I don’t have time for this bs…….

The other day I had coffee with a university friend I had not seen for a while.

In discussing what we were up to, I mentioned emotional intelligence (EI or EQ) as I was preparing a session on it.

He said, with a smile, “I don’t have time for all that bullshit!”  Continue reading

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Needing clarity? This will help….

“We do not learn from experience… we learn from reflecting on experience.” ― John Dewey 

Last week we spent two days with some upcoming leaders who are committed to developing and growing themselves as authentic leaders.

We deliberately built-in time for reflection after their individual and team activities.

As per the quote above, this reflective process enabled them to cull out the nuggets and move forward more confidently.

Your reflections?

The quote above may also resonate with you. You are well aware that the reflective process enables us to have more of a “helicopter or balcony” view on matters.

However, like many other clients, you are perhaps musing, “Where do I find the time to do this?”

After all, your daily schedule of back to back appointments and meetings, managing teams, customers, and other stakeholders, along with all the unscheduled things that pop up, leaves time for little else.
Continue reading

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Finding Your Voice

I was recently working with a talented and empathic emerging leader who despite having all the required capability, was holding herself back.

What a loss this withhold was to her team and organisation, not to mention her sense of confidence and self-efficacy.  There was some work to be done here.

Her example prompted me to write this blog.

Are you an emerging leader who is struggling to find your voice?

Do you find it easier to communicate one on one or in small groups but in larger groups, you retreat. You let the vocal ones take charge.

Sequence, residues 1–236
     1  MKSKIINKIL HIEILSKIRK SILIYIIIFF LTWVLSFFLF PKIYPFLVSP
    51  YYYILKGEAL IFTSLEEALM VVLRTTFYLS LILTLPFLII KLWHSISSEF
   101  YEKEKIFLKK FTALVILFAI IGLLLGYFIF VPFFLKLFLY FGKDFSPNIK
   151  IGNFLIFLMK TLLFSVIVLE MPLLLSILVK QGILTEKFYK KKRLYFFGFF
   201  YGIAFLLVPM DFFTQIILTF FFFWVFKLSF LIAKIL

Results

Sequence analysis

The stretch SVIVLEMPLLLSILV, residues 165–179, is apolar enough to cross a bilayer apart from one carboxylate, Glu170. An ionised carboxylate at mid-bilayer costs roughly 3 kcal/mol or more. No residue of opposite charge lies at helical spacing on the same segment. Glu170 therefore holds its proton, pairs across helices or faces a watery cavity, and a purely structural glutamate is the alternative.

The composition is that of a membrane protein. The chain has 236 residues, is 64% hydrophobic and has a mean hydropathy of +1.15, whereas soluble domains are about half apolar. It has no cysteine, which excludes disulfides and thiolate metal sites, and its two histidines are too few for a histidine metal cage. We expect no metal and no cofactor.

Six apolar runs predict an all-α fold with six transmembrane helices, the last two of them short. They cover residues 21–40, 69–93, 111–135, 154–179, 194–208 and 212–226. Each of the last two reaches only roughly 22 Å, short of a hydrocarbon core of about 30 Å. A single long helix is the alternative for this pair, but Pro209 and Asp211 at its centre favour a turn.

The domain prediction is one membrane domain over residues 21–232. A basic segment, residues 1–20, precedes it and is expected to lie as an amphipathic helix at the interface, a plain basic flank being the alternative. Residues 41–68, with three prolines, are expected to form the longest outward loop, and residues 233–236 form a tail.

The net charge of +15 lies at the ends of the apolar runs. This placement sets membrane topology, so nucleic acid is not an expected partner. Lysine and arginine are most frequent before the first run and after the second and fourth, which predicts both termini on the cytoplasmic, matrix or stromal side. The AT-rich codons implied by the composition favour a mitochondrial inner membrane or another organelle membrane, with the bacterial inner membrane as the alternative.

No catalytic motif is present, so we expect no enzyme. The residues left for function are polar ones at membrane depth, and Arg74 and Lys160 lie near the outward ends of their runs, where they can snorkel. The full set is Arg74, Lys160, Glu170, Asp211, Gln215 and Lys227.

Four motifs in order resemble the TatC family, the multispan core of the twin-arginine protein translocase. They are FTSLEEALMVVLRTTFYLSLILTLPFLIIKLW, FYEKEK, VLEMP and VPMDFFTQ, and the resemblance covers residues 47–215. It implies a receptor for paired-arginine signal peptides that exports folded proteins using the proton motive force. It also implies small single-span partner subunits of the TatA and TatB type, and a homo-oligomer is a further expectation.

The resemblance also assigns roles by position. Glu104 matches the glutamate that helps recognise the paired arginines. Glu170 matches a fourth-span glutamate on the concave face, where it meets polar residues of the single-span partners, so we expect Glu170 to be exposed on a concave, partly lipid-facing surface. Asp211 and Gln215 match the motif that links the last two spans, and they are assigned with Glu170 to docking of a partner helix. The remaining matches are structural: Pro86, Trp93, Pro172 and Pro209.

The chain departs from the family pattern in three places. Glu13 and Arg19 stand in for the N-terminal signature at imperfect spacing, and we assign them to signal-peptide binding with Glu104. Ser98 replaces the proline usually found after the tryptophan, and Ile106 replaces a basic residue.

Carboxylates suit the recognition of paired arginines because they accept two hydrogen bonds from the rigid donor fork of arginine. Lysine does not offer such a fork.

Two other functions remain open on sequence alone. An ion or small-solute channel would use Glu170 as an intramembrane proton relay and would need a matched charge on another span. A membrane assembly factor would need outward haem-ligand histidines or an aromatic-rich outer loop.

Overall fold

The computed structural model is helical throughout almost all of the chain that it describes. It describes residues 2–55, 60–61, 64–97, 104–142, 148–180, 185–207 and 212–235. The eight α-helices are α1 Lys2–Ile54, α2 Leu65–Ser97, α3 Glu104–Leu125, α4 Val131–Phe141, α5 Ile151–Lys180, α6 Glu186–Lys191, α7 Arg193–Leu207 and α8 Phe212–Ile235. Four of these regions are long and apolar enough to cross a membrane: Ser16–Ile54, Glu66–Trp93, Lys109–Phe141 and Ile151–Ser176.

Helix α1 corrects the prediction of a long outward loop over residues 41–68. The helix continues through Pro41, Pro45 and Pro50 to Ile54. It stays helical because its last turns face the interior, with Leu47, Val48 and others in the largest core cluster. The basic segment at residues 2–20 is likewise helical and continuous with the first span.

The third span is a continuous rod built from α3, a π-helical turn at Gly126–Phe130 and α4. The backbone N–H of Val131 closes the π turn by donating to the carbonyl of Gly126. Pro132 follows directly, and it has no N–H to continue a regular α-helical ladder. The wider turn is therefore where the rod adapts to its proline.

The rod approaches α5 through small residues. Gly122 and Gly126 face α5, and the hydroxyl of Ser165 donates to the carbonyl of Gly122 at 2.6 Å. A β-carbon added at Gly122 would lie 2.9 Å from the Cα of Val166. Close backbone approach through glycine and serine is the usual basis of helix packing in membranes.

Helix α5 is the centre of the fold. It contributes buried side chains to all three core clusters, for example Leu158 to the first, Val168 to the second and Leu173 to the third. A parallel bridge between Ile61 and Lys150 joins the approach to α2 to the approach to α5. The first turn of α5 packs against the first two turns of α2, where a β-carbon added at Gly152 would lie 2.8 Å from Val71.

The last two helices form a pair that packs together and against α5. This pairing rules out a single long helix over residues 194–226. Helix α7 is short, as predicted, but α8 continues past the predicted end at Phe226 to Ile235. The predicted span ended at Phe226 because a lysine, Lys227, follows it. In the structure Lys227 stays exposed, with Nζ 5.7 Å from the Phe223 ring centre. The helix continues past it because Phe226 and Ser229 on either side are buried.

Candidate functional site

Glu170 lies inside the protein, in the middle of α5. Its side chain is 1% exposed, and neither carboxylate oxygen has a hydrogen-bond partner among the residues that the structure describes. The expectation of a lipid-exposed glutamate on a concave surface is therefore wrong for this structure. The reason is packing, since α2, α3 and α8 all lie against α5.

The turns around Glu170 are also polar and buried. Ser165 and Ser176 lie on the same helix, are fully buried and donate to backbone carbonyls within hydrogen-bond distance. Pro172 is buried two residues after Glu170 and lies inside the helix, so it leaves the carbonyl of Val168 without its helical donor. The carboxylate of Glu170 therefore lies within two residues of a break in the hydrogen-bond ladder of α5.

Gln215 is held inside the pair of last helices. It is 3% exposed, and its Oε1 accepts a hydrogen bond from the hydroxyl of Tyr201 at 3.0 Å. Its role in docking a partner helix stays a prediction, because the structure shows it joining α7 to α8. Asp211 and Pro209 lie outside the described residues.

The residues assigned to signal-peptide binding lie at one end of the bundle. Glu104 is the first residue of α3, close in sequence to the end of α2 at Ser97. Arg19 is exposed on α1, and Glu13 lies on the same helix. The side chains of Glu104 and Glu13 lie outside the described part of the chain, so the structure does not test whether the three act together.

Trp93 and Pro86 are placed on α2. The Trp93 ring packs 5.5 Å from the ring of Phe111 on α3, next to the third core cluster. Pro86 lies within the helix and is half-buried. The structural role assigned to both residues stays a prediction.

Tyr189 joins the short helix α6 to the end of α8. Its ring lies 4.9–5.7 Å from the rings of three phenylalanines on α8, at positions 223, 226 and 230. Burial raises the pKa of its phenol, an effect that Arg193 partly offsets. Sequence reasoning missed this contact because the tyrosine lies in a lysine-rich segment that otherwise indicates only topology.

You have the needed knowledge and information, and your contribution will help and yet you hold back.

Or perhaps you want to, but the right words just don’t come.

Where there is a conflict or some courageous conversations to be had, you retreat even more. Avoidance is your default strategy.

Afterward, you think all the perfect responses – especially those one-liners you could have delivered, but they are left smoldering inside.  The moment has gone.

The “lack of voice” can also be linked to confidence issues dating back to early childhood.  Second-guessing is not uncommon.

Some of us grew up with “you are to be seen but not heard” or worse, “you are neither to be seen nor heard!”  What a legacy this leaves.

And yet  find our voices we must.  It is critical in the workplace when we have to influence our various stakeholders.

The cost of not being able to say, express, and influence those we need to are high.

We are also left feeling disempowered, diminished, and not feeling so good about ourselves.

Can you relate to any of this? Has this or something similar happened to you?  For some, not having a voice, can be a default way of being.

If yes, what has helped you find your voice?

Finding your voice can also be difficult if you have introverted preferences; you need time and prefer to think things through before speaking.  Our extroverted colleagues, on the other hand,  think as they talk.

It could be compounded further if you were not encouraged, even punished for speaking up.

Here are some strategies you might like to try:

  • De-bunk the old conditioned messages about “who you are and what you should or shouldn’t say and do.”
  • Connect with what is in your heart and the message that you are ignoring
  • Know your skills, strengths, interests and passion and a commitment to sharing your gifts and contribution
  • Build confidence through small steps of practicing and speaking your truth/perspective, firstly in one-on-one than larger meetings
  • Find ways to get your thoughts heard in meetings even when you are not 100% clear on your decision. For example, a client who used to ask clarifying questions which not only got his voice heard but helped others as well.
  • Read and do courses on being assertive and public speaking
  • Join groups like Toastmasters
  • Find a coach, mentor or committed listener who believes in you so you can talk through scenarios that you find challenging
  • Deliberate practice of skills and techniques and the growth mindset of “I am learning, practicing, and developing myself as I go!”
  • And most of all, back yourself

Kris Carr, a New York Times and #1 Amazon best-selling author, puts it aptly, “It is not about finding your voice; it is about giving yourself permission to use your voice.”